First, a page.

Examination: The scheme of examination has two stages:
(a) Written examination.
(b) Personal Interview.

All the eligible candidates are first tested through a written examination which consists of two compulsory and two optional subjects. The compulsory subjects are General Knowledge and General English. Every candidate has to offer two optional subjects out of (1) Physics (2) Chemistry (3) Botany (4) Zoology (5) Forestry (6) Statistics (7) Mathematics (8) Geology (9) Agriculture (10) Civil Engineering (11) Agriculture Engineering (12) Mechanical Engineering (13) Chemical Engineering.

The compulsory papers are designed to test the candidates command over the language, comprehension, analytical power and overall general awareness. The General English paper carries the questions on use of words of common parlance, passages, precis, comprehension, idioms etc. In addition the candidates are also required to write an essay out of a few given topics. The standard of this paper is such as is expected of an average science/engineering/forestry/agriculture graduate of an Indian University.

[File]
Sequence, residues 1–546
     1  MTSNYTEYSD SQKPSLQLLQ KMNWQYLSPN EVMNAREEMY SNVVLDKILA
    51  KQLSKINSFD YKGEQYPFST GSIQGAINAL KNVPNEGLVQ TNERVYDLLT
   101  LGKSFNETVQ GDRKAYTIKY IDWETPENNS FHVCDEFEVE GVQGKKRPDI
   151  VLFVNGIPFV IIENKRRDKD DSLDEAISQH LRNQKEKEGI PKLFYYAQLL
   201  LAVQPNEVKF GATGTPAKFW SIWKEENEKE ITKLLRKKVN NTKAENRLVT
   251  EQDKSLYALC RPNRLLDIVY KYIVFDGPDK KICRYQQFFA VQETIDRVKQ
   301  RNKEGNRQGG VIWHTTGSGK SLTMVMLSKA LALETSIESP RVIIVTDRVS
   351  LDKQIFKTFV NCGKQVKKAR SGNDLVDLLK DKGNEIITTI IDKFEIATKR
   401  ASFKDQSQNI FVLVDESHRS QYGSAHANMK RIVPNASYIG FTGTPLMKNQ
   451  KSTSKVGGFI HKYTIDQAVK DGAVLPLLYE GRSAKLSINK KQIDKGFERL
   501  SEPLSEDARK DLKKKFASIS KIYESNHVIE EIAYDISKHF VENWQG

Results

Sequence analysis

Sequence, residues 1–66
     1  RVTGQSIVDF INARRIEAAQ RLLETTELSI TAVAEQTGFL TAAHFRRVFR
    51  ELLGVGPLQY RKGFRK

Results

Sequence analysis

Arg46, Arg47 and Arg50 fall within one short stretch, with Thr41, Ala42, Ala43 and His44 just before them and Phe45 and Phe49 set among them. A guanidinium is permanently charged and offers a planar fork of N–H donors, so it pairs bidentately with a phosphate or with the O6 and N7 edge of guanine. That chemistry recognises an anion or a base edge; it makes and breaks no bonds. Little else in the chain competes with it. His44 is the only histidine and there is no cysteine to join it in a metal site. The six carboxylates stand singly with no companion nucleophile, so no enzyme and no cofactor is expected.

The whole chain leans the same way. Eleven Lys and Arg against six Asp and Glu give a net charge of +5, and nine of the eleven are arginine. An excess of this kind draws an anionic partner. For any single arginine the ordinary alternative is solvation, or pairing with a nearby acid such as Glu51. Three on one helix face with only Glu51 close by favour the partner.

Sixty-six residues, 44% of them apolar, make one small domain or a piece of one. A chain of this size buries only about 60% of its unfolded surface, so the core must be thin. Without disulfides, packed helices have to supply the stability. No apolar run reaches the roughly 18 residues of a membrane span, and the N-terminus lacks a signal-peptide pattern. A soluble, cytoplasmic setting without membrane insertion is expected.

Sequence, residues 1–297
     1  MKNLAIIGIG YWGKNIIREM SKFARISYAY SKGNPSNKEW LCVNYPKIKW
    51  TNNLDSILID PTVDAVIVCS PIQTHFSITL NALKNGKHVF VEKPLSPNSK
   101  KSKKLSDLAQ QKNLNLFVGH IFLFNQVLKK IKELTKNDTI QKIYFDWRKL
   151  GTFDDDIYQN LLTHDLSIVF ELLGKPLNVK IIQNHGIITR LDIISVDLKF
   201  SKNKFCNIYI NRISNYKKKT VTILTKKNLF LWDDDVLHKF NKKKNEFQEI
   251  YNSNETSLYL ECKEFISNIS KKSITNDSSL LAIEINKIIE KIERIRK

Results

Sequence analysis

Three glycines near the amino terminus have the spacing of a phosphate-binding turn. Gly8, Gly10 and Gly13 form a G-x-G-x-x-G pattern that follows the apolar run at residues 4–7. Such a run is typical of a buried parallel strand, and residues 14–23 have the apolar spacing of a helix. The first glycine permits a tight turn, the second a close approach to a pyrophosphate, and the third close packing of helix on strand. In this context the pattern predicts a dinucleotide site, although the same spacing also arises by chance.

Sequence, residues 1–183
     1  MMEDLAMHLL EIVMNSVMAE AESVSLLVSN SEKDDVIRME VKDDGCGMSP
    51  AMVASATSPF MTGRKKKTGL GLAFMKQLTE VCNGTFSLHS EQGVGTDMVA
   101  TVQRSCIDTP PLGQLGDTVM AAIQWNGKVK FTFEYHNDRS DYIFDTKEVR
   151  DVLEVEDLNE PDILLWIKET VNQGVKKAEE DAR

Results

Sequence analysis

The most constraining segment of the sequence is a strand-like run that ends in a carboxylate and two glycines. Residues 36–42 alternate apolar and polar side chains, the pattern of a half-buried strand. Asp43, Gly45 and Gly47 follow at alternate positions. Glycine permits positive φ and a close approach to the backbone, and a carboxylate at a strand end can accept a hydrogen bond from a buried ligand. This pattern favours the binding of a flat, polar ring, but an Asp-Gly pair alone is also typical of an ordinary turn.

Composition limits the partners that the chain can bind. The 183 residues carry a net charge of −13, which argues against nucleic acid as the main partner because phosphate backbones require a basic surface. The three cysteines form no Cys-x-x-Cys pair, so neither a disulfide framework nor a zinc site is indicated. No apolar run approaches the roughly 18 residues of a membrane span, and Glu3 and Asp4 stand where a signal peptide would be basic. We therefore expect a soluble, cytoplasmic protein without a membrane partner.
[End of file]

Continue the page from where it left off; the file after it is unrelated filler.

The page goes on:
The second compulsory paper on General Knowledge is aimed at testing the general awareness and knowledge of the candidates in subjects other than those studied by them in their academic curriculum. This paper also tests the knowledge of candidates on current events of national and international importance. There are a few questions on Indian Political System, Indian History, Economy, Geography and applied aspects of Science and Technology. The standard of this paper is again such as is expected of an average science/engineering/forestry/agriculture graduate. The questions in this paper are multiple choice objective-type in nature.

So far as the choice of optional subjects is concerned, list of subjects offers a vast choice. Every eligible candidate is usually expected to specialise in atleast one of the optional subjects which he/she would have offered during his/her academic degree. The choice of second subject is also not difficult. It is recommended that the candidates appearing for the first time in the examination should go through previous question papers before finally deciding on the optional subjects. The standard of optional subjects is that of degree level academic examination. Further details regarding syllabi of all optional subjects are available in the instructions received alongwith the application form supplied by the UPSC.